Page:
Stella Stephens Glover, a Paul Mitchell cosmetology school instructor, died earlier this month waiting for a heart transplant after battling the effects of COVID-19 for almost three years.
Glover, of Sumiton, died Jan. 11. She was 36.
The Paul Mitchell School – Birmingham called her “an incredible learning leader, mentor and friend,” in a social media post.
Danielle Carroll, a friend, said following her death that “she fought until the very end. Her final moments were peaceful. Surrounded by the ones that love her the most.”
More than two years after her diagnosis, Glover recounted her journey on Facebook, saying, “I’m exhausted, I just want a new heart and an immune system again.”
Glover tested positive for COVID-19 in April 2020. A month later, she had a post viral heart attack. By October of that year, she was outfitted with a pacemaker and defibrillator combo.
By April of 2021, she had both doses of the COVID vaccine. But two months later, she needed emergency ventricular assist devices installed to help her heart pump blood and stay alive. It was only by December of that year, she recounted, that she finally began to walk without wobbling.
Then on Christmas morning, she was rushed to the hospital in septic shock. By now, doctors were telling her she needed a heart transplant to survive. In March of 2022, she was once again in septic shock and needed 11 shocks from a defibrillator. Friends began raising money for a heart transplant, aware that Glover already had numerous medical bills while fighting to stay alive.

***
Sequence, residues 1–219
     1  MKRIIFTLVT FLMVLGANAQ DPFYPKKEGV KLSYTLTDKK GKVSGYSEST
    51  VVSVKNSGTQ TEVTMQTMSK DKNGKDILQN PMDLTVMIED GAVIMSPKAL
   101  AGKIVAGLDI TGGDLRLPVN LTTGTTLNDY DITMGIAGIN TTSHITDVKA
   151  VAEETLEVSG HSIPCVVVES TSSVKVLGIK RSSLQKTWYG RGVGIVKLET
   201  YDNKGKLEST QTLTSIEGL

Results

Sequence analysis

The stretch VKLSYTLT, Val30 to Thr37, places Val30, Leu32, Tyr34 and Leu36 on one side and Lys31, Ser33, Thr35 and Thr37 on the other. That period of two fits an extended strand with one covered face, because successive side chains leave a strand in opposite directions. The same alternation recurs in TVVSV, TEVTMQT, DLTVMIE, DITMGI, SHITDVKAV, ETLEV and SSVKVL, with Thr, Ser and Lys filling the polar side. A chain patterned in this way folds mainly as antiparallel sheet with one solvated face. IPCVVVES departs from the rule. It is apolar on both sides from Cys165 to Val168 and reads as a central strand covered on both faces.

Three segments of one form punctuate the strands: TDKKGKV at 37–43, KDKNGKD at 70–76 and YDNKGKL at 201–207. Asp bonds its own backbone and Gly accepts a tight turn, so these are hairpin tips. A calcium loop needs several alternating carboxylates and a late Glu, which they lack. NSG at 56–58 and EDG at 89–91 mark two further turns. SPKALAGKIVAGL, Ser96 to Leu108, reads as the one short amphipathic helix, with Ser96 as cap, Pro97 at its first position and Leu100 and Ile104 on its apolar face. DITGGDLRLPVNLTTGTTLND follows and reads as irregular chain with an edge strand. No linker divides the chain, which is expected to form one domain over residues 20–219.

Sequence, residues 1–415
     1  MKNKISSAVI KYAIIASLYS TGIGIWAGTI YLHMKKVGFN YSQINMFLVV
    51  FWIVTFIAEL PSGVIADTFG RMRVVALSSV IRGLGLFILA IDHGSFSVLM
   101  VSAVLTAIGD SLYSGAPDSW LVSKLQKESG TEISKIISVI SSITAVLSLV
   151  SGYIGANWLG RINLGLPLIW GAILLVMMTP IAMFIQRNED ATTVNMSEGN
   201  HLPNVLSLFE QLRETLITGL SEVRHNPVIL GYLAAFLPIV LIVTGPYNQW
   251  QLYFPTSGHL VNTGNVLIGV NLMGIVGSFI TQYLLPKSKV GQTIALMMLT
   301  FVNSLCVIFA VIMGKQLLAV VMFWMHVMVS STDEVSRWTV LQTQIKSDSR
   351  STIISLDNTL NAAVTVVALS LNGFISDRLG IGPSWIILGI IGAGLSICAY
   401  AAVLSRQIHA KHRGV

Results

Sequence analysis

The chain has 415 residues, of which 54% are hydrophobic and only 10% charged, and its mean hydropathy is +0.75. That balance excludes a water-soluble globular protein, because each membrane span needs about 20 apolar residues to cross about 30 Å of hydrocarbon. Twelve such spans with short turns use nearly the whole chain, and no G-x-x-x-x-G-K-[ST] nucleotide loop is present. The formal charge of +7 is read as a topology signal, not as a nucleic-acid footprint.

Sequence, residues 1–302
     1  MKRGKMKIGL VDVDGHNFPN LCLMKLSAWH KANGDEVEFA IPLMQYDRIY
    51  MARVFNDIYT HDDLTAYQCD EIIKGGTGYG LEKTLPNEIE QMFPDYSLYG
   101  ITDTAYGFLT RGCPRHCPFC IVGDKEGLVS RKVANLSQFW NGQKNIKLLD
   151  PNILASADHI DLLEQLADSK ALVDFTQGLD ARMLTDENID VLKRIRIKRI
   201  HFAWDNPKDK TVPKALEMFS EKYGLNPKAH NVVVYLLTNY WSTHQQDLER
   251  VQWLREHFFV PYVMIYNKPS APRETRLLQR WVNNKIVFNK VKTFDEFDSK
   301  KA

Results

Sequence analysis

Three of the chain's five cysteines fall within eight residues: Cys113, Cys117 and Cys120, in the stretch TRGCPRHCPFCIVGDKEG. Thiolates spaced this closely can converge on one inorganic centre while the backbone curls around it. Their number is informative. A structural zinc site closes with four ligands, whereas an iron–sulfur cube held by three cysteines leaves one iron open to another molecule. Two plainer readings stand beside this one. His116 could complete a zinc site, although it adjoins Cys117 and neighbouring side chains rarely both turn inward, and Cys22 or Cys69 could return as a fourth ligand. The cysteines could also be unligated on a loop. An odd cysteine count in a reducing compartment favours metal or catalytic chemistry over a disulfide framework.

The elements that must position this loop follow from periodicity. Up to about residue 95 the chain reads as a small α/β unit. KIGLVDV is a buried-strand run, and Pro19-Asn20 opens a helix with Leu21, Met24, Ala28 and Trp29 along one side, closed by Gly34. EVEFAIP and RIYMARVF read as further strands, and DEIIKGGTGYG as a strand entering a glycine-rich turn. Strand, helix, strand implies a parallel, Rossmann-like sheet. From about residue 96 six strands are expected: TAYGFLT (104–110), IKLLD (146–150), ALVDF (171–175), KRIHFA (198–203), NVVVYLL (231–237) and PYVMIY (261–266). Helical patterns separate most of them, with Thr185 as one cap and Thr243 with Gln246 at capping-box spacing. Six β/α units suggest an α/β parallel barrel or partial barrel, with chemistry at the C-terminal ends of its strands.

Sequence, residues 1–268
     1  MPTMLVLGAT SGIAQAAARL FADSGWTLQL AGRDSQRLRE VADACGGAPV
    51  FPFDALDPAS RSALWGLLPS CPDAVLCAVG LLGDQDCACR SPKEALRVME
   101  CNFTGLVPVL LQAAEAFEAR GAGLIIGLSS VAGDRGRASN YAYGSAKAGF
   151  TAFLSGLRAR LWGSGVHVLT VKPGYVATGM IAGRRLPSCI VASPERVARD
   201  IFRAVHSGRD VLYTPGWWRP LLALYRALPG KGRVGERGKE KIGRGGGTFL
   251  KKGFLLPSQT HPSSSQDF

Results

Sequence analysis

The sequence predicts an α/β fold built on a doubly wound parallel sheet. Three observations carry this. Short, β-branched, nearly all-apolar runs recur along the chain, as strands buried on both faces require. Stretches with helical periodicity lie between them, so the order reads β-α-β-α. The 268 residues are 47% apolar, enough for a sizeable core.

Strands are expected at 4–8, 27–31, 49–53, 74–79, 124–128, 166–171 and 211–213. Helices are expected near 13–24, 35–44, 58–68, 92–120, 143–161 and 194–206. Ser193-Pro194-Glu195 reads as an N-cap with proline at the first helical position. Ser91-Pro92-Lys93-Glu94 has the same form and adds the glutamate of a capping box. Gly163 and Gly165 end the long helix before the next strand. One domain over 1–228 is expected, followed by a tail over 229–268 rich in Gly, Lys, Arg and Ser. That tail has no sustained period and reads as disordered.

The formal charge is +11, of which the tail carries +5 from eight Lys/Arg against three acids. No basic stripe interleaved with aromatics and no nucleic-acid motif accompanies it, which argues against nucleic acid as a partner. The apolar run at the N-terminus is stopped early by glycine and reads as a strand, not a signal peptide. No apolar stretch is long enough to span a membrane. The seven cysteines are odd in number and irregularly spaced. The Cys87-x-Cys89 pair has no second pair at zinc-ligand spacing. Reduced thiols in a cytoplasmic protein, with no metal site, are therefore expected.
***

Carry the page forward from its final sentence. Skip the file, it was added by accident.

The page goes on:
She tested positive once again for COVID during the summer. Through it all, she endured long stretches away from friends and family, battling depression and the uncertainty of the future, trying to stay positive but recounting her journey on social media.
On Oct. 30 of last year, she wrote of how she “cried at least 30 times, because I miss my active lifestyle; but, didn’t realize how much I’ve missed at home for the past several years.”
“I am scared all the time. And go days on end without remembering a thing,” she said. A week later, she complained of feeling “tired, weak, overwhelmed, and just plain all around pure exhaustion.”
She was able to be home with her family for the holidays, but immediately went back into the hospital just before her death.
In her obituary, she was remembered as “the light of so many peoples’ lives.”
“A woman of motion, she couldn’t stay still,” the obituary stated. “A confidant to so many. No matter the time or situation, she made time for others. She lived fiercely for her family and her friends.”